Modi seems to have realised that he made a few crucial mistakes during his first tenure.
New Delhi: Prime Minister Narendra Modi was a subdued man when he made his victory speech at the BJP headquarters here Thursday evening. The fizz that was evident after his 2014 election win was missing. He was more sober, introspective, mellowed and showed signs of being accommodative.
In his speech, he called the win a victory of democracy. But mark his next few sentences: “I will not do anything with ill intention or bad desire. I may make mistakes. I will not do anything for myself but I assure you, every moment of my life and every cell in my body will work non-stop to ensure that the country keeps moving forward.”
Modi was probably referring to the demonetisation step that he took in November 8, 2016, that resulted in massive unemployment and was partly responsible for sluggishness in economy, agriculture and rural distress. This is why he said “I may make mistakes.” But then he added “I will not do anything with ill intention or bad desire.”
Demonetisation was a mistake because of two reasons: it was not properly thought out and, secondly, it was rushed through. Modi reportedly did not consult many in taking such a vital decision. This is why he said there was no ill intention or bad desire.
Modi probably gave hints that he would correct these mistakes and give the economy a new thrust while addressing unemployment, agriculture distress and rural backwardness.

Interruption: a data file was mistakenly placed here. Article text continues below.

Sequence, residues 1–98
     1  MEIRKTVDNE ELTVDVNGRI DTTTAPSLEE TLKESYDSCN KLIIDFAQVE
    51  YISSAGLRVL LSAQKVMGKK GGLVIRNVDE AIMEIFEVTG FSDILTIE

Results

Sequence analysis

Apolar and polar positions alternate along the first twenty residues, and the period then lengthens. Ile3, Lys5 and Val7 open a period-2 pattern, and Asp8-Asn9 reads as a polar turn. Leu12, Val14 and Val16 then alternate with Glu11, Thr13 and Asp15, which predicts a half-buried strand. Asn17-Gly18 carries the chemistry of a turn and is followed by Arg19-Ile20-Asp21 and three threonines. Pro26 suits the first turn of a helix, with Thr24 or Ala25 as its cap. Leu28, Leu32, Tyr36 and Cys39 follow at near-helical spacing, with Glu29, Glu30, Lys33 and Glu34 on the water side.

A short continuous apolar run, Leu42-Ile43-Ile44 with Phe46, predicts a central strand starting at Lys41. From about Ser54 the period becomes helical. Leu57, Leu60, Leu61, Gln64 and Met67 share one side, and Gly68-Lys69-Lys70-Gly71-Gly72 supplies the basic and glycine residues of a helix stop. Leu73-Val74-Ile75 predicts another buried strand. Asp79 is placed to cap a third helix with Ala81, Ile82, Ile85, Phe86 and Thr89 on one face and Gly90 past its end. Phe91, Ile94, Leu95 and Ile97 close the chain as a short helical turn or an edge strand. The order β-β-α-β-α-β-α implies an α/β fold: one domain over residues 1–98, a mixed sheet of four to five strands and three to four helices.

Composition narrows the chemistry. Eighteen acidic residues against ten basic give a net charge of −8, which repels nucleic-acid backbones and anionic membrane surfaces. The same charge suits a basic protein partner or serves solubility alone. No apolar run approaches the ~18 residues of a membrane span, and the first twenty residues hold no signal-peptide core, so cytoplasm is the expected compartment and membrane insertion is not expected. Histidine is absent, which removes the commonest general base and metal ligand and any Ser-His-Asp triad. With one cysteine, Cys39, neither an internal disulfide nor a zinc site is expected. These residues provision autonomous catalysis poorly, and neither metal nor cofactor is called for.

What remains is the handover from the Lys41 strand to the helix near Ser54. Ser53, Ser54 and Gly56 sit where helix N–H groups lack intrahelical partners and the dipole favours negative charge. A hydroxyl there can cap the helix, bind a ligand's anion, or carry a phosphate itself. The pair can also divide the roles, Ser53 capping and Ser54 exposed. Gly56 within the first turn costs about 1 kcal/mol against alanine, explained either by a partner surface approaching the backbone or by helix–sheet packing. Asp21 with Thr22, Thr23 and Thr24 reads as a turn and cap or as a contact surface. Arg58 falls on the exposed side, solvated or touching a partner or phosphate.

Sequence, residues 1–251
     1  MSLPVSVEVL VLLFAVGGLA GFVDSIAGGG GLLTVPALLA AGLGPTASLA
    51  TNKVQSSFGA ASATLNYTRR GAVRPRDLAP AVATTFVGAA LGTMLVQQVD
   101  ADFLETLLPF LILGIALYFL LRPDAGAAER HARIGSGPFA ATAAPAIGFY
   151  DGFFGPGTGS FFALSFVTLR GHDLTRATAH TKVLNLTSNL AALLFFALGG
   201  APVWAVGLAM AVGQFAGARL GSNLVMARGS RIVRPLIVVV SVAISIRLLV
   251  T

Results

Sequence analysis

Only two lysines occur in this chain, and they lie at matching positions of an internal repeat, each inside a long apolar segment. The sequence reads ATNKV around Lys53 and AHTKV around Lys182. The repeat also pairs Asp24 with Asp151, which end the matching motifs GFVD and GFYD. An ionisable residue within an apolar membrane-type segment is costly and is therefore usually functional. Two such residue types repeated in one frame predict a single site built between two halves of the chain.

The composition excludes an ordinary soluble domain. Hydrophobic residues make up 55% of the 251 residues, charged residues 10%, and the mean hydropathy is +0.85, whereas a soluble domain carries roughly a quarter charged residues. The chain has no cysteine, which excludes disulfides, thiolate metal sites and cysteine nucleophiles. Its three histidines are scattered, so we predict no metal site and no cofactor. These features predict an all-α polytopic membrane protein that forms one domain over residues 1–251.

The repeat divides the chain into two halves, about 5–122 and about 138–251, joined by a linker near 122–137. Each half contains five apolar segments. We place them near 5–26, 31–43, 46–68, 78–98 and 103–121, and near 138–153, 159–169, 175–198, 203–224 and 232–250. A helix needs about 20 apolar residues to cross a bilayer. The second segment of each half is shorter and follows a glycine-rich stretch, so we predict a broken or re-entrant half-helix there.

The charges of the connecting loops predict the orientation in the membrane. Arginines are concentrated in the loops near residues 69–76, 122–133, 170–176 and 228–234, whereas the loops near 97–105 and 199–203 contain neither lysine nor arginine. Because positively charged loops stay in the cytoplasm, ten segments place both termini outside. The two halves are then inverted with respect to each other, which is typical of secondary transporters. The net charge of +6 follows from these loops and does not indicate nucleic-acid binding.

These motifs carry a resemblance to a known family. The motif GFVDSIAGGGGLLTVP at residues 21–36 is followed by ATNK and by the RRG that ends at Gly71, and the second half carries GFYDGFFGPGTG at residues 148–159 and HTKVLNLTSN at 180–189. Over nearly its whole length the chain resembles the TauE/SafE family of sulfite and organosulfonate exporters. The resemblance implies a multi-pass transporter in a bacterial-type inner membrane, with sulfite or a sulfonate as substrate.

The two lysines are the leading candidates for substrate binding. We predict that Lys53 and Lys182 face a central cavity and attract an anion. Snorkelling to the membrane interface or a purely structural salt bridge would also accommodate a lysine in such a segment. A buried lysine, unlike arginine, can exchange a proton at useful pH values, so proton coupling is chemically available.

Will he be vindictive? Well, he promised that the bitterness exhibited during the campaign would be pushed behind. “Whatever happened during the election is behind me. We have to move forward, we have to take everyone along for the good of the country. We must remember the Constitution is supreme,” the Prime Minister said.
And to strengthen his stand he drew an analogy from the Mahabharata. “Just like Lord Krishna said post Kurukshetra battle that he was on the side of Hastinapur, 130 crore Indians have said today, they are on the side of India.”
But this promise is hard to implement as Modi has venom-spewing MPs like Pragya Thakur and Ananthkumar Hegde in his pack. UP Chief Minister Yogi Adityanath is no different.
It is to be seen if he will be able to keep the fringe elements in check. And Modi’s challenge will only grow larger when the fringe elements and hardliners take up the Ram Mandir issue.
When he said “We have to move forward, we have to take everyone along for the good of the country”, was Modi referring to the minority communities? Probably yes. How he will control out-of-mind Hindu gangs who go about killing minorities in the name of cow protection is to be seen.
When he said “We must remember the Constitution is supreme,” Modi was probably referring to the deep tussle in the Supreme Court and other constitutional bodies.
And then he added: “In 2014 when I approached you did not know me, but in 2019, you gave me a bigger mandate when you started knowing me. You filled this fakir ki jholi (poor man’s bag).”
Modi should realise that India need not know Modi; it is Modi who should know India.